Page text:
Weronika IzdebskaF1020013 (2014)

I’ve always wondered why certain historical epochs contribute more than their far share of stunning Art: the Italian Renaissance, Holland during the Dutch Golden Age; Hong Kong cinema circa the early 1990s; The Romanian New Wave for roughly the last decade.

As far as photography and image making go, I can’t think of a single place in the world that is killing it like Poland.  [I actually have about a dozen pages of notes for an essay on the politics of visual representation and identity in the work of contemporary women making photographs in Poland–that’s how rich the landscape is at present.]

Izdebska work belongs to this milieu.

The image above is in one way uncharacteristic of most of her images: she usually employs a rigorously centered symmetry and then places those she shoots strategically off balance in the frame, conferring an oneiric feel to the scenes that’s straight out of mid-to-late Soviet cinema–here the camera is not square with the building; note the askew verticals compared to the frame edge as well as the lower boundary between the paneling and concrete.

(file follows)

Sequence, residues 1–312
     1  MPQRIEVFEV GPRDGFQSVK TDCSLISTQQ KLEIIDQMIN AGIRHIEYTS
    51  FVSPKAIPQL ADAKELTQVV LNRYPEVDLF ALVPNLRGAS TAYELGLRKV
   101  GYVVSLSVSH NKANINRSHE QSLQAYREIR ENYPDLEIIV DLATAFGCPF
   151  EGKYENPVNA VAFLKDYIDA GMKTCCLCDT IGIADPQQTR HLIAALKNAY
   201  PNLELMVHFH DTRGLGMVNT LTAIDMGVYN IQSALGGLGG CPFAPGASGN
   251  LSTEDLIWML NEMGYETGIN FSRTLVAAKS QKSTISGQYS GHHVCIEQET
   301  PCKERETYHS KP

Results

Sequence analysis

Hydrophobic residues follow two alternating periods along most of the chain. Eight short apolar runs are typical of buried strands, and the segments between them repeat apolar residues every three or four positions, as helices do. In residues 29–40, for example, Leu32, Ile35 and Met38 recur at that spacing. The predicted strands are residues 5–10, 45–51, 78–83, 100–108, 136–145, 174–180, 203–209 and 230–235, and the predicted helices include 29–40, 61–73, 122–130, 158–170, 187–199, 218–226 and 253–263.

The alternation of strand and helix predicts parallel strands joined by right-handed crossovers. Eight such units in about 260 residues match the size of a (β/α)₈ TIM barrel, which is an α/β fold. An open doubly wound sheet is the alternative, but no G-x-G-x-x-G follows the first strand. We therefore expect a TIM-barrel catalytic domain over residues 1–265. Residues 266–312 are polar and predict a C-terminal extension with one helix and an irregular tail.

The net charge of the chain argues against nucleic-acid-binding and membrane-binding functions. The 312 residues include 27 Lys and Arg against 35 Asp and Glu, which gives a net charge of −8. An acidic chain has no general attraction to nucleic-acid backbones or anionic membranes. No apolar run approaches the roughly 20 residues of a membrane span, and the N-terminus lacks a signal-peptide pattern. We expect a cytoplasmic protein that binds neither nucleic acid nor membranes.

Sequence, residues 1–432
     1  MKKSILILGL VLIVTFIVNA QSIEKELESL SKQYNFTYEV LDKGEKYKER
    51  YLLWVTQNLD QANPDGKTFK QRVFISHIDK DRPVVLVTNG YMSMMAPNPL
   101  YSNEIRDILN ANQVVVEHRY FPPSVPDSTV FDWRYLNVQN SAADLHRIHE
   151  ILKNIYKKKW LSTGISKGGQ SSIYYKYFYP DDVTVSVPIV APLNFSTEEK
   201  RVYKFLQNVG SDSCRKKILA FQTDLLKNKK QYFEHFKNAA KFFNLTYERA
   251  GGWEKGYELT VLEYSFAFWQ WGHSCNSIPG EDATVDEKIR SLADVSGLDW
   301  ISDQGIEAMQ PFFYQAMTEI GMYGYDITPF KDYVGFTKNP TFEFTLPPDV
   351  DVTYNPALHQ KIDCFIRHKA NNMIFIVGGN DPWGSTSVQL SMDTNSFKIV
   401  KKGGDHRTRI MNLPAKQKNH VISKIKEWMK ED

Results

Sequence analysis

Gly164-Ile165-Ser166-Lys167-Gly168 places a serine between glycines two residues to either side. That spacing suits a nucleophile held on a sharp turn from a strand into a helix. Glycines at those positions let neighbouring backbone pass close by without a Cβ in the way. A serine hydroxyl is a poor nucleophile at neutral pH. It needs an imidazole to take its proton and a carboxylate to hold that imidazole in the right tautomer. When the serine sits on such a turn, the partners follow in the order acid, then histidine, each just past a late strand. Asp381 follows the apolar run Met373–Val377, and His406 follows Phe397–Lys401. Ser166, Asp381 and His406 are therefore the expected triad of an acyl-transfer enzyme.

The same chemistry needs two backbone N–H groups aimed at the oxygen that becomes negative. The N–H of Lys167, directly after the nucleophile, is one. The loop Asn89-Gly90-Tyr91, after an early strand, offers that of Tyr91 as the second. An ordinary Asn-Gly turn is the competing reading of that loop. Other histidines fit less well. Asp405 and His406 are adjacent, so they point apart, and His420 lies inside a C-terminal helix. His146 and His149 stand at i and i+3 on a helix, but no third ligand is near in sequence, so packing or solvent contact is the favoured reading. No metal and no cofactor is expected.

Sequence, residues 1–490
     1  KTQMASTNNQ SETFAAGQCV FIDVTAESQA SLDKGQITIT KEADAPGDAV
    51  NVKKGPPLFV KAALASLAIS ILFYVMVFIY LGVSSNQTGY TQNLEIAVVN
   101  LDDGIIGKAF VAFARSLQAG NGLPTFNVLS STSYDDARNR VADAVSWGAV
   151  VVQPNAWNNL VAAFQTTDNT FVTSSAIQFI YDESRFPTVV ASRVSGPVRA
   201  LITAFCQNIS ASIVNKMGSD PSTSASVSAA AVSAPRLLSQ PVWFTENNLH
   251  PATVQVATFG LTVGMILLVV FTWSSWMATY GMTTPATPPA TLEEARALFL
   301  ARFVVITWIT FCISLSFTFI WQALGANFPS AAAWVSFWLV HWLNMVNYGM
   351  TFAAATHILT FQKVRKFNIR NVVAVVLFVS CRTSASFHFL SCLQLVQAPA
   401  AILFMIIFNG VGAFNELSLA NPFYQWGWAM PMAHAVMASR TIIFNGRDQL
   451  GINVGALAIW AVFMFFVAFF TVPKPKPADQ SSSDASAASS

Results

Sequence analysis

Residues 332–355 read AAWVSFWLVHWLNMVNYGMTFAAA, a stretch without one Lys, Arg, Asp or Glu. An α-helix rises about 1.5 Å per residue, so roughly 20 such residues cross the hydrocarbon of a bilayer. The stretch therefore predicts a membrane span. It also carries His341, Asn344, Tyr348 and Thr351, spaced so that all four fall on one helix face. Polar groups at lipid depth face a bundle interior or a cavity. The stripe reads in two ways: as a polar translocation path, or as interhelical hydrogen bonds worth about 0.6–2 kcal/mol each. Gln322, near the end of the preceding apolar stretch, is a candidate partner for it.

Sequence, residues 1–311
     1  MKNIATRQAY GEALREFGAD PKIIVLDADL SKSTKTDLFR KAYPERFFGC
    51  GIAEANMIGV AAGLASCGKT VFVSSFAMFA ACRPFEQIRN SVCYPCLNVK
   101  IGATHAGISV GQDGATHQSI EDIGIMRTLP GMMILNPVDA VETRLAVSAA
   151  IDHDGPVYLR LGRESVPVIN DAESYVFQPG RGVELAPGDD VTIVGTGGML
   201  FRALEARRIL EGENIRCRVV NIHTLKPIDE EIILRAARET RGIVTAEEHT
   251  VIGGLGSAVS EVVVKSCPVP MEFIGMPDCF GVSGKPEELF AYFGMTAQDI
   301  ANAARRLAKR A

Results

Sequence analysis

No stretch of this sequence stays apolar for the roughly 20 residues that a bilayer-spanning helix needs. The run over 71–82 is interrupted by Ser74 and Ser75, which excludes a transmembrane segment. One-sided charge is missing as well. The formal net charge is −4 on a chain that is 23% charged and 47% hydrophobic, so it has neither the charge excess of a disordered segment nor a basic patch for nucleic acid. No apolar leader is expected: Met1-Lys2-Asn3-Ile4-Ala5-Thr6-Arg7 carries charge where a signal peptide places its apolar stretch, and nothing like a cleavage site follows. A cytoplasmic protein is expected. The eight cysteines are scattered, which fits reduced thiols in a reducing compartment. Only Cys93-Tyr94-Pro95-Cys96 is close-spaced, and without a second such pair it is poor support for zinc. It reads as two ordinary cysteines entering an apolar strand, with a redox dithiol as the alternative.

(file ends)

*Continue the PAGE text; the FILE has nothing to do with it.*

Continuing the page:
It’s a small annoyance given the overall quality of the image. The limiting of the color palate is sublime and the tone that shimmers in the margin between dream and nightmare.

Also, there’s more than a casual similarity to Wynn Bullock’s famous Woman and Thistle.

(In the interest of full disclosure–I probably should admit that it’s difficult for me to be completely impartial when it comes to other image makers who are also similarly transfixed with the Icelandic landscape.)

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